Archive for Wednesday, September 5, 2007

Healthier choices available at fast-food restaurants

September 5, 2007


Q: Is it really that unhealthy to feed my kids at fast-food restaurants?

A: Typical fast food is generally high in fat, saturated fat, cholesterol, sugar and/or salt. These foods also may be lacking in many vitamins and minerals that are usually found in fruits and vegetables. Eating regularly at fast-food restaurants can create unhealthy eating habits. Eating fast foods occasionally is not a problem, but eaten regularly over a lifetime, it can promote serious health risks. That's why it is OK to offer children fast food once in a while, but not on a regular basis.

You can make healthier choices at a fast-food restaurant. Fruits and salads (even though they typically use iceberg lettuce) are usually available, low-fat milk and juice are on the menu, baked potatoes with a variety of toppings are choices, lean meat and chicken sandwiches are available, and whole-grain bread products are starting to show up.

Try one or more of these strategies the next time you visit your favorite fast-food restaurant:

  • Order sandwiches to be as simple as possible. Perhaps a "small," "regular," "junior" or whatever term is used by the restaurant for its smallest burger, may be enough for you.
  • The "super-size" and double deckers give much more than you need - more calories, more fat, more sodium.
  • Request that mayonnaise, sauce or other dressings be "on the side" or left completely off your sandwich. Or, ask for ketchup and mustard instead of mayonnaise.
  • Use deep-fried foods sparingly. If you "gotta have" those fat-absorbing french fries, order the smallest size or split them with a friend.
  • Instead of fries, consider a side salad with a fat-free or reduced-calorie dressing. It's still important to check the calories on the salad dressing. Many salad dressings come in packets; a reduced-calorie dressing still may contain around 100 or more calories per packet.
  • Order a plain water, bottled water or low-fat milk.

    Think through the menu before you arrive so that you won't be swayed off course by making a last-minute decision.

    Of these two meals, which would you choose for yourself or your children?
  • A McDonald's Happy Meal with 4 chicken nuggets, dipping sauce, small french fries and a child-size soda, which contains 5.25 teaspoons of fat and 9.75 teaspoons of sugar.
  • A McDonald's grilled chicken sandwich and low-fat milk, which contains 2.5 teaspoons of fat and 1.75 teaspoons of sugar.

Most fast-food places offer nutrition information, including calories, at their restaurant. Many also provide nutrition information on their company Web site. At your next opportunity, total the calories you obtain from your favorite fast-food meal. For many adults and children (age 2 and older), a calorie range somewhere between 1,600 to 2,200 is sufficient. It's easy to consume one-half or more of your daily caloric needs at one fast-food meal, especially if you're super-sizing portions!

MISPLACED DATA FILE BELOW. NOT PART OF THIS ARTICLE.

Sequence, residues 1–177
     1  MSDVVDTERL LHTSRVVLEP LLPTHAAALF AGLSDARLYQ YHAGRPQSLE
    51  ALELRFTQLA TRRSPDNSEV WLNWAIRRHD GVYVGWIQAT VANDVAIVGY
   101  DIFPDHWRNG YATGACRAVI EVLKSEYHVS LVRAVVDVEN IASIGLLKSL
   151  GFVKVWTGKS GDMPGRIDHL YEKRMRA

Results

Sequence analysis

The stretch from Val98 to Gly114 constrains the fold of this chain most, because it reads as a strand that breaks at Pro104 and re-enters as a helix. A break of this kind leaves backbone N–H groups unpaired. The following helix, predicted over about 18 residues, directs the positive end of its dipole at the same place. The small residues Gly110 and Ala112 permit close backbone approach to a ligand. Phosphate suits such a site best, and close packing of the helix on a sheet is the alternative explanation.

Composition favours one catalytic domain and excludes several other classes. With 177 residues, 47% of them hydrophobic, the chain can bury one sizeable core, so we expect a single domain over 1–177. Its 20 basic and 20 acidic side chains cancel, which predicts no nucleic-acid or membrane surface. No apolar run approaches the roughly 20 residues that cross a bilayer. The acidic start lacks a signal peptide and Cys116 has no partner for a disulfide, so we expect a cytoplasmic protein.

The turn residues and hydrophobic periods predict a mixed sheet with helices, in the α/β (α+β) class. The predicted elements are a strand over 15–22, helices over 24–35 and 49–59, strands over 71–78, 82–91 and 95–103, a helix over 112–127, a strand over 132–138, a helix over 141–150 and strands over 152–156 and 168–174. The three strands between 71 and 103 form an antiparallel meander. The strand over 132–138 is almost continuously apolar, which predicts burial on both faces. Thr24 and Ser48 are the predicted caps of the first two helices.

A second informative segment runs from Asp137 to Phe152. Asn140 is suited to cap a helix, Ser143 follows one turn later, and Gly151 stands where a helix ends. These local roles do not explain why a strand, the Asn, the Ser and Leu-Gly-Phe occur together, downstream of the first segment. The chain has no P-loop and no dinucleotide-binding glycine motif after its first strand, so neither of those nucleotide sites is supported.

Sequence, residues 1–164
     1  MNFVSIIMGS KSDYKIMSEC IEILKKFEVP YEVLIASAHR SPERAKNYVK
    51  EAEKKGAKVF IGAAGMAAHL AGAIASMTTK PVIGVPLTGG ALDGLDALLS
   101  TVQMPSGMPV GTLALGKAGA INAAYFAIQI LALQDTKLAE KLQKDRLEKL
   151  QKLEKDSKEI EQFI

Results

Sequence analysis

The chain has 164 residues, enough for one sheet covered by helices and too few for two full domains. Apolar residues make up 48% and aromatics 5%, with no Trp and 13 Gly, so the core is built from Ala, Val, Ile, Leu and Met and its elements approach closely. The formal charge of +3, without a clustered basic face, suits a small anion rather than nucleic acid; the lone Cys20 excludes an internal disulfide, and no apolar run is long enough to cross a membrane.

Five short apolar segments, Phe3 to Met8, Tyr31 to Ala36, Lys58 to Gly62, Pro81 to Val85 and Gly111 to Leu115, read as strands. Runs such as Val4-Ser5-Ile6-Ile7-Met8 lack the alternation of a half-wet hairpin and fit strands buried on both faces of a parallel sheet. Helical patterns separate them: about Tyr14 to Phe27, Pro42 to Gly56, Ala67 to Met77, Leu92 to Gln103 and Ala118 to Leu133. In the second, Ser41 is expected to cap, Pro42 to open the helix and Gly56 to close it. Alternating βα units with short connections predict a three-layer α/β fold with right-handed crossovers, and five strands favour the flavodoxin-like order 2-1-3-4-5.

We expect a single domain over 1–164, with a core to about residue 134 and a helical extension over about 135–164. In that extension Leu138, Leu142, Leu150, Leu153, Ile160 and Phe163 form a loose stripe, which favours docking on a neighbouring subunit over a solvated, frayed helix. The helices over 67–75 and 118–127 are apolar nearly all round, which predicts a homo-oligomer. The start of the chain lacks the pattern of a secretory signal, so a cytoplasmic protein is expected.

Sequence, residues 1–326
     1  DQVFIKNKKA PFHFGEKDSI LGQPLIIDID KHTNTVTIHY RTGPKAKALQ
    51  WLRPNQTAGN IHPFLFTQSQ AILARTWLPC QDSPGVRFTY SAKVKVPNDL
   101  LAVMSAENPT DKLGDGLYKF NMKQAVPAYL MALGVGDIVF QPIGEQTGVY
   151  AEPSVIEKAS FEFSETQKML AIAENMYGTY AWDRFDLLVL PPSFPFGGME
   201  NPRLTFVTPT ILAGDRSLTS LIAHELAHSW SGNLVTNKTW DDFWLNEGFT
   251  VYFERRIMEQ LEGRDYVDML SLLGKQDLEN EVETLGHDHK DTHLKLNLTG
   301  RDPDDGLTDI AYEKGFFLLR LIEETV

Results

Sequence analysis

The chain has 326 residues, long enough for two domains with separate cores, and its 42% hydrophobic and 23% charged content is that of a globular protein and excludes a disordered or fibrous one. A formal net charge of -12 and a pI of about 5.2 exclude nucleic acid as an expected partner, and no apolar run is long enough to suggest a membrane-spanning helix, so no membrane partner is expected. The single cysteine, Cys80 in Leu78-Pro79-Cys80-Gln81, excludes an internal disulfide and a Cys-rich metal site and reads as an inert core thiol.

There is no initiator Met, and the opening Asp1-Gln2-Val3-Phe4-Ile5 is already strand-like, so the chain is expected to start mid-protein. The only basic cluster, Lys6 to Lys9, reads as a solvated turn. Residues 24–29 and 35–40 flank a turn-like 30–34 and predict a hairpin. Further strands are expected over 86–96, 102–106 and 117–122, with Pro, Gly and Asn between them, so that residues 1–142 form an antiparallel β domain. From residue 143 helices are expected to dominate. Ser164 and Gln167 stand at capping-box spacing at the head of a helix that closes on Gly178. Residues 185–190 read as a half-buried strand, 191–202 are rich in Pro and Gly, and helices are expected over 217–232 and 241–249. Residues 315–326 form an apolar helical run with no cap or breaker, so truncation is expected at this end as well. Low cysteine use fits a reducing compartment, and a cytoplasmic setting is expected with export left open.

Here's a list of "healthier" choices that you may want to consider:


  • Cereal (hot or cold) with banana
  • Snack-size yogurt and fruit topped with granola
  • Scrambled eggs
  • Waffles or pancakes topped with fruit
  • English muffins or low-fat, small muffins
  • Toast (100 percent whole wheat) with a little jam
  • Fruit/fruit juices
  • Skim or low-fat milk


  • Single
  • Without "special sauce" (ketchup or mustard are better)
  • Without cheese
  • Tomatoes and lettuce

Chicken and fish

  • Grilled, roasted or broiled
  • Barbecue sauce or spices


  • Thin crust
  • Vegetable toppings (mushrooms, spinach, onion, green/red peppers, hot peppers, pineapple and broccoli)
  • Leaner protein options (chicken, Canadian bacon, low-fat mozzarella or ricotta cheese)


  • Lean meat (roast beef, chicken, turkey, ham)
  • Plain tuna
  • Low-fat cheese
  • Vegetables, pickles, hot and sweet peppers
  • Spices (oregano, pepper)
  • Mustard or ketchup
  • Barbeque/low-fat sauce
  • Roll, small bagel, pita bread, tortilla, hearty grain bread


  • Baked with low-fat toppings (nonfat sour cream, chives, grated cheese, mushrooms, broccoli, chili)

Soup and salad bar

  • Dark greens and other vegetables
  • Fresh fruits
  • Plain pasta
  • Lean-protein toppings (low-fat cheese, low-fat cottage cheese, kidney beans, egg whites, plain tuna, chicken, turkey or roast beef)
  • Low-fat toppings (raisins, a few chow mein noodles)
  • Low-fat or nonfat salad dressings
  • Broth-based soups (chicken/turkey with noodles/rice, minestrone, vegetable, black bean, lentil and green pea)


  • Soft flour or corn tortillas
  • Quesadillas, soft tacos or small burritos with chicken, beans, beef or vegetables
  • Low-fat condiments (salsa, nonfat sour cream, lettuce, tomatoes)

Susan Krumm is an Extension agent in family and consumer sciences with K-State Research and Extension-Douglas County, 2110 Harper St. She can be reached at 843-7058.


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